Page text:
Skip to main content
Open this photo in gallery:

Military healthcare personnel prepare for patients at a mobile health unit at Sunnybrook Hospital during the COVID-19 pandemic in Toronto on April 27, 2021.Nathan Denette/The Canadian Press

Members of the Canadian Armed Forces are being deployed to Nova Scotia and Ontario to help respond to surges in COVID-19 cases, and Prime Minister Justin Trudeau said help is also being offered to Alberta.

On Tuesday, Nova Scotia announced a provincewide shutdown as the government tries to put the brakes on a surge in cases driven by variants of concern. The province recorded a third straight day of record-setting new cases, with 96 on Tuesday.

Nova Scotia is trying to avoid Ontario’s experience in the third wave where a lockdown came too late to prevent intensive care units from being overwhelmed with COVID-19 patients. Ontario has urgently asked for more medical staff from other provinces and the federal government to help over-stretched hospital resources.

The support from the Canadian forces is being targeted to where the need is greatest. In Ontario a so-far unconfirmed number of members of the Canadian Forces will be deployed to the province’s hospitals and in Nova Scotia, 60 Canadian Forces members will work in the province’s testing centres.

Ontario’s daily new case count is levelling off while Nova Scotia has repeatedly reported record new numbers. However, Nova Scotia is testing a much higher proportion of its population than Ontario and on Tuesday reported a 1-per-cent test positivity rate compared with Ontario’s 10-per-cent positivity rate.

Two weeks ago, Ontario said it urgently needed 620 medical professionals, such as nurses and respiratory therapists, to help in its overwhelmed intensive care units. But with many other provinces also contending with surges in cases, there is little slack in the system and the number of staff being offered so far from the federal government and some provinces falls well short of Ontario’s request.

The federal government said Tuesday that nine intensive care nurses from the Canadian Forces will be sent to Ontario, in addition to the three teams of medical staff that were announced on Monday. The number of people on each of the multipurpose medical assistance teams was not disclosed on Tuesday; they typically have 12 people per team, the Forces said on Monday.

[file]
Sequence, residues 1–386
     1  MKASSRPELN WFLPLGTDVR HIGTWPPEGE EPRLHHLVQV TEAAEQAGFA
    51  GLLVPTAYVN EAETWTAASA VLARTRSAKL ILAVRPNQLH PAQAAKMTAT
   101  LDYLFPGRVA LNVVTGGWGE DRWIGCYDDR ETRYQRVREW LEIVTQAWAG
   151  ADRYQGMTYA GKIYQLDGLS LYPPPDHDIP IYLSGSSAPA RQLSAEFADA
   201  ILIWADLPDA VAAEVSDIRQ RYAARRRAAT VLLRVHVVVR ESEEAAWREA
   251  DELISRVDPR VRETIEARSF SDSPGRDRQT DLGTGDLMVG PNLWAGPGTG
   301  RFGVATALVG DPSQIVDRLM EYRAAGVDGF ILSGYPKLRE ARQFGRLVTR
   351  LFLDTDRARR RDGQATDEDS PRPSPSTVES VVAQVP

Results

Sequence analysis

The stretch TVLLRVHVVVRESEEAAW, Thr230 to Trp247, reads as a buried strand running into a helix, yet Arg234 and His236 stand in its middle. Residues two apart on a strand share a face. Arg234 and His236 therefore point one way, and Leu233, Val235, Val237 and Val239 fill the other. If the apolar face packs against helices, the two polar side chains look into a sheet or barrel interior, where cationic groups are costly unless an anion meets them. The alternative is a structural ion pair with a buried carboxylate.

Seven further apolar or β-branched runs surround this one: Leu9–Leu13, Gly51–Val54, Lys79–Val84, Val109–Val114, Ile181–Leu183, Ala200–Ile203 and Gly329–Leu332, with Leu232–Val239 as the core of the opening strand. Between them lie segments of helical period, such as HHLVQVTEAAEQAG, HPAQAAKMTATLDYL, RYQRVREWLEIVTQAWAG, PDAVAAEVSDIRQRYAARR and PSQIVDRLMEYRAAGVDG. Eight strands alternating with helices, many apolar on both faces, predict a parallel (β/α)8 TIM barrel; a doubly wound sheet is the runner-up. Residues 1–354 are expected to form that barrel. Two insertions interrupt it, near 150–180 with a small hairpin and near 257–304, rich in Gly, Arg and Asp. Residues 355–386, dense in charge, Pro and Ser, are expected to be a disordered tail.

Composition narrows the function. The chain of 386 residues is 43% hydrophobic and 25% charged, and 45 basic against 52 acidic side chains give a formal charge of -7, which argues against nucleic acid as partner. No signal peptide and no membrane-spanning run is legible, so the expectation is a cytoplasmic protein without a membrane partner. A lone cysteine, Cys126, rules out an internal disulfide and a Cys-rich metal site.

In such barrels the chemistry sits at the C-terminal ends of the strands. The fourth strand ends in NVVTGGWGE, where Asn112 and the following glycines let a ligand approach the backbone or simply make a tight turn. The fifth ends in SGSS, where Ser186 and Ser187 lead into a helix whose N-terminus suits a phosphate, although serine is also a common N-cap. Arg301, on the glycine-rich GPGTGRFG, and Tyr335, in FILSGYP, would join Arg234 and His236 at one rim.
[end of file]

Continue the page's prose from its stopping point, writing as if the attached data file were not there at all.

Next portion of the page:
“Sending men and women in uniform to help in Ontario is a serious step. We are doing this because the situation requires it,” Mr. Trudeau said.

The government hasn’t announced the timing of the deployment.

The Canadian Red Cross is also prepared to send 13 nurses with ICU experience to Ontario, Public Safety Minister Bill Blair said, adding that 30 other people are also available. He did not specify their expertise, nor say when they would be sent to the province.

Another 62 federal employees are also available to Ontario if needed, Mr. Blair said. The staff are nurses who volunteered to help, the minister’s spokesperson James Cudmore said.

On the weekend, the Regional Municipality of Wood Buffalo, which encompasses Fort McMurray, declared a state of emergency as the coronavirus spreads out of control in northern Alberta. Local leaders are asking the federal government and the province for more vaccines.

Procurement Minister Anita Anand said Tuesday that the per-capita distribution of vaccines, that the premiers agreed to, remains in place. Mr. Trudeau has previously said that the premiers would have to agree to any change to the vaccine distribution strategy; so far no premier has called for a change to how the vaccines are allocated to provinces.

Canada’s Chief Public Health Officer Theresa Tam said the increases in overall supply will help all provinces and it’s up to each province to allocate the vaccines between regions.

Mr. Trudeau said Ottawa is “standing ready” to help Alberta, but he did not specify what resources could be provided. Alberta Health spokesperson Tom McMillan said the province has not asked the federal government for support.

In Ontario, the first out-of-province aid arrived on Tuesday. Six nurses and three physicians from Newfoundland and Labrador will work in Toronto’s University Health Network. Mr. Blair said the number of nurses from Newfoundland and Labrador will increase to 14 in the weeks ahead.

Know what is happening in the halls of power with the day’s top political headlines and commentary as selected by Globe editors (subscribers only). Sign up today.

Your Globe

Build your personal news feed

Follow the author of this article:

Follow topics related to this article:

Check Following for new articles